Under the guidance of two-dimensional and M-mode echocardiography, via parasternal long-axis view, left atrial systolic diameter, LV end-systolic diameter, LV end-diastolic diameter, LV posterior wall, and interventricular septum thickness were measured. The LVM was calculated using the formula of Devereux et al. [17], by the following equation: LVM = 0.8 [1.04 × (interventricular septal thickness + posterior wall thickness + end-diastolic diameter)3 − (end-diastolic diameter)3] + 0.6. The LVMI was calculated as LVM divided by the body surface area and measured by g/m2 [by the formula LVMI = LVM/height (m)2.7].

LV diastolic functions were evaluated using Doppler echocardiography and TDE. With apical four-chamber view, the sample volume was placed on mitral valve cusps (LV inflow region), and direction of the Doppler waves were adjusted so as to parallel blood flow. Then peak early (E) and late (A) transmitral filling velocities and E/A ratio were measured. By using TDE, the LV diastolic function was evaluated by the early (Em) diastolic myocardial velocities by recording the mitral Doppler signals in the apical four-chamber view, with the sample volume placed at the lateral walls of mitral annulus.

Statistical analysis

SPSS version 9 (SPSS, Chicago, IL, USA) was used for data analysis. All data were expressed as mean ± standard deviation. The Student t test for quantitative independent variables was used for analysis of difference between two groups. Pearson’s correlation test was used. Analysis of two independent variables was done using a nonparametric test (Mann–Whitney test). In all tests, p < 0.05 was considered significant.


The baseline and laboratory characteristics of 82 obese children and 40 control group are reported in Table 1. BMI, BMI standard deviation score (SDS), heart rate, fasting blood glucose, fasting serum insulin levels, HOMA-IR, total cholesterol, triglycerides, low-density lipoprotein (LDL), serum leptin level, and waist circumference were significantly higher in obese children compared with the control group. Obese children had significantly lower HDL level compared with the control group. The systolic BP and diastolic BP showed no significant difference between both groups. Also, the serum leptin level in obese girls was significantly higher than in obese boys.

Table 1
Clinical and laboratory characteristics of the studied children.

Table 2 shows that the LVMI of obese children was significantly higher compared with the control group (p < 0.001), while ejection fraction and fractional shortening of the left ventricle did not differ significantly in obese versus control group (> 0.05). The diastolic function of the left ventricle in obese children (mitral E wave, A wave, E/A ratio, and Em signal) showed no significant statistical difference when compared with the control group. Doppler echocardiography and TDE measurements did not differ significantly between the two groups (= 0.35).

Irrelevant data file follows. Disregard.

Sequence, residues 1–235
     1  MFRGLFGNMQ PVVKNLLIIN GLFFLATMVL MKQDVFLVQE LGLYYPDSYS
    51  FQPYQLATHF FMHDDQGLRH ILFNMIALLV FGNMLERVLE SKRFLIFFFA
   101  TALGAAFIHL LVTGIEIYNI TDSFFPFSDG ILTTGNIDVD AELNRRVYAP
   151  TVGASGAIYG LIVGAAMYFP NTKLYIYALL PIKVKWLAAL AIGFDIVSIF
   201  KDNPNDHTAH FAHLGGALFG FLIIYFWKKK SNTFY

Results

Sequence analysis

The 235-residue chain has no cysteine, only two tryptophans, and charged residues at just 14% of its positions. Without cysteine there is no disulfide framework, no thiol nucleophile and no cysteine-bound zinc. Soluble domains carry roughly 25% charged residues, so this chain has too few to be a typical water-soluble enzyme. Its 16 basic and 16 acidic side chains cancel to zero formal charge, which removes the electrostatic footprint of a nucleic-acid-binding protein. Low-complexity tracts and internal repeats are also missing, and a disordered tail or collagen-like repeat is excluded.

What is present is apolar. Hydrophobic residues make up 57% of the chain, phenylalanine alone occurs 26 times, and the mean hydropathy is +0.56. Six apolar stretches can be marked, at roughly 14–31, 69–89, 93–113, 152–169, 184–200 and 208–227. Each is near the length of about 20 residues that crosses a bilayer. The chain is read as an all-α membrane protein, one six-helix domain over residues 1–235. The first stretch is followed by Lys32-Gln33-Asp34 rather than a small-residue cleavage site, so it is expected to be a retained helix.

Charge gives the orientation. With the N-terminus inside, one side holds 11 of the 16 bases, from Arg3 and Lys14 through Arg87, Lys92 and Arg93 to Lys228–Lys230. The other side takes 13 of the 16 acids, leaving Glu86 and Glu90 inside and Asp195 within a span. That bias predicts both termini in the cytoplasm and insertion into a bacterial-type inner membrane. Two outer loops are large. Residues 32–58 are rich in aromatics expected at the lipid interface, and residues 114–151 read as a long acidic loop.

Table 2
Comparisons of echocardiographic data between obese and control group.

Table 3 shows the clinical and laboratory results, and LVMI in obese children with MS (= 25) and without MS (= 57). MS children had significantly higher LVMI, serum leptin, fasting serum insulin, HOMA, and triglycerides compared to non-MS children, while no significant difference between the MS and non-MS children regarding BMI, BMI-SDS, WC, fasting blood glucose, total cholesterol, LDL, and HDL levels was found (> 0.05).

Table 3
Clinical and laboratory data, and left ventricular mass index (LVMI) in obese children with and without metabolic syndrome (MS).

Table 4 shows that, in both MS and non-MS groups, the serum leptin had a positive correlation with BMI, WC, triglycerides, fasting glucose, fasting insulin, HOMA-IR, and LVMI, but showed a negative correlation with HDL. There was no correlation found between serum leptin in either group with blood pressure, total cholesterol, or LDL.

Table 4
Correlation between serum leptin and various parameters in obese children with and without metabolic syndrome (MS).

Table 5 shows the correlations between LVMI and other measurements in obese children and those of MS. When LVMI was considered as a continuous variable in the whole population of obese children, it was found positively correlated with BMI-SDS, WC, systolic BP, diastolic BP, triglycerides, fasting insulin levels, HOMA-IR and fasting glucose insulin ratio, and negatively correlated with HDL cholesterol.

Table 5
Correlations between left ventricular mass index (LVMI) and cardiovascular risk factors in obese children with and without metabolic syndrome (MS).

In receiver operating characteristic analysis, the results showed that an LVMI value of >38 g/m2 was the best cut-off value in predicting metabolic syndrome in obese children with a sensitivity of 95% and a specificity of 84% (Fig. 3).

Figure 3
Receiver operating characteristic curve of left ventricular mass index cut-off value in predicting metabolic syndrome.